$$\begin{array}{}{\displaystyle {\rho}_{i}={\rho}_{iR}[1+{c}_{i}^{0}({p}_{1}-{p}_{R})]\phantom{\rule{thinmathspace}{0ex}},\phantom{\rule{thinmathspace}{0ex}}i=1,\dots ,{n}_{c},}\end{array}$$(7)

where *ρ*_{iR} is the density of component *i* at the standard pressure *p*_{R}.

$\begin{array}{}{c}_{i}^{0}\end{array}$

is the compressibility of component *i*.

The pressure equation is formed by summing up the mass balances over all volume-occupying components after dividing both sides by *ρ*_{iR} and substituting Darcy’s law in each of the phase flux terms. By using the capillary pressure definition, the pressure equation in terms of the reference phase pressure (phase 1) will be:
$$\begin{array}{c}{\displaystyle \phantom{\rule{thinmathspace}{0ex}}\phantom{\rule{thinmathspace}{0ex}}{\varphi}_{R}{c}_{t}\frac{\mathrm{\partial}{p}_{1}}{\mathrm{\partial}t}-\mathrm{\nabla}\cdot (\overline{\overline{k}}{\lambda}_{rTc}\mathrm{\nabla}{p}_{1})=}\\ {\displaystyle =\mathrm{\nabla}\cdot (\overline{\overline{k}}\sum _{\alpha =1}^{{n}_{p}}{\lambda}_{r\alpha c}\mathrm{\nabla}{p}_{c\alpha 1})-\mathrm{\nabla}\cdot (\overline{\overline{k}}\sum _{\alpha =1}^{{n}_{p}}{\lambda}_{(r\alpha c\gamma \alpha )}\mathrm{\nabla}z)-}\\ {\displaystyle \phantom{\rule{thinmathspace}{0ex}}\phantom{\rule{thinmathspace}{0ex}}\phantom{\rule{thinmathspace}{0ex}}-{\mathit{\Delta}}_{t}F({\stackrel{~}{c}}_{i}+\sum _{i=1}^{{n}_{c}}\frac{{Q}_{i}}{{\rho}_{iR}},}\end{array}$$(8)

where *c*_{t} is the total system compressibility, *p*_{1} is the pressure of phase 1, *p*_{cα}_{1} is the capillary pressure, *z* is the depth, *λ*_{rαc} is the relative mobility and *λ*_{rTc} is the total relative mobility.

The relative mobilities and total compressibility in (8) are calculated using the following equations:

$$\begin{array}{}{\displaystyle {\lambda}_{r\alpha c}={\lambda}_{r\alpha}\sum _{i=1}^{{n}_{c}}{\overline{\rho}}_{i}{c}_{i\alpha},\phantom{\rule{1em}{0ex}}{\lambda}_{r\alpha}=\frac{{k}_{r\alpha}}{{\mu}_{\alpha}},\phantom{\rule{thinmathspace}{0ex}}\phantom{\rule{thinmathspace}{0ex}}\phantom{\rule{thinmathspace}{0ex}}\phantom{\rule{thinmathspace}{0ex}}\alpha =1,\dots ,{n}_{p},}\end{array}$$(9)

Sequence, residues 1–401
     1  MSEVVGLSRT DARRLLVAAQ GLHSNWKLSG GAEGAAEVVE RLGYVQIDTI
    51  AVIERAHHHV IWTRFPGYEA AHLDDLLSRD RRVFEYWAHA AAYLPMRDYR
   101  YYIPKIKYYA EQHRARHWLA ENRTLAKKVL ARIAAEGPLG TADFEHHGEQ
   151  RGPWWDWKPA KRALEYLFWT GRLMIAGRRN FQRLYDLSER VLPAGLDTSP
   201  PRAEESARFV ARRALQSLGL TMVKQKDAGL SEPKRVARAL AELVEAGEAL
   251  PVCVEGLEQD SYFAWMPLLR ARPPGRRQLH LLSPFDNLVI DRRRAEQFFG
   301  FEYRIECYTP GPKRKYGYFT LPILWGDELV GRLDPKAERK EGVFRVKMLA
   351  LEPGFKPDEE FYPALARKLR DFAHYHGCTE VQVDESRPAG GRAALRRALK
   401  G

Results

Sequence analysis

$$\begin{array}{}{\displaystyle {\lambda}_{rTc}=\sum _{\alpha =1}^{{n}_{p}}{\lambda}_{r\alpha c},}\end{array}$$(10)

$$\begin{array}{}{\displaystyle {c}_{t}={c}_{r}+[1+{c}_{r}(2{p}_{1}-{p}_{S}-{p}_{R})]\sum _{i=1}^{{n}_{c}}({c}_{i}^{0}{\stackrel{~}{c}}_{i}).}\end{array}$$(11)

The term
$$\begin{array}{}{\displaystyle {\mathit{\Delta}}_{t}F({\stackrel{~}{c}}_{i})=\varphi ({p}_{1}-{p}_{R})\sum _{i=1}^{{n}_{c}}({c}_{i}^{0}\frac{\mathrm{\partial}{\stackrel{~}{c}}_{i}}{\mathrm{\partial}t})}\end{array}$$(12)
can be treated as a source type function.

To increase the stability and robustness in numerical modeling, on the contrary to what is commonly used in the literature, we do not neglect higher order terms in the conservation equations.

The energy conservation equation reads
$$\begin{array}{}{\displaystyle \phantom{\rule{2em}{0ex}}\phantom{\rule{thinmathspace}{0ex}}\phantom{\rule{thinmathspace}{0ex}}\phantom{\rule{thinmathspace}{0ex}}\frac{\mathrm{\partial}}{\mathrm{\partial}t}[\hat{\varphi}\sum _{\alpha =1}^{{n}_{p}}{\rho}_{\alpha}{S}_{\alpha}{C}_{V\alpha}+(1-\hat{\varphi}){\rho}_{s}{C}_{s}]T+}\\ {\displaystyle +\mathrm{\nabla}\cdot (\hat{\varphi}\sum _{\alpha =1}^{{n}_{p}}{\rho}_{\alpha}{S}_{\alpha}{C}_{p\alpha}{\overrightarrow{u}}_{\alpha}T-{K}_{T}\mathrm{\nabla}T)={q}_{c}-{q}_{L},}\end{array}$$(13)

where *T* is the temperature; *C*_{Vα} and *C*_{pα} are the heat capacities of phase *α* at constant volume and pressure, respectively; *C*_{s} is the heat capacity of the solid phase; *k*_{T} is the thermal conductivity; *q*_{c} is the heat source term; and *q*_{L} is the heat loss to overburden and underburden formations or soil.

All equations other than the basic equations (1), (2), (8) and (13) and auxiliary relations in the recently developed model formulation, including the adsorption, chemical reaction, phase behavior and well modeling approaches, remain unchanged from the currently used chemical compositional model, details of which can be found in [4] and [7].

## Comments (0)

General note:By using the comment function on degruyter.com you agree to our Privacy Statement. A respectful treatment of one another is important to us. Therefore we would like to draw your attention to our House Rules.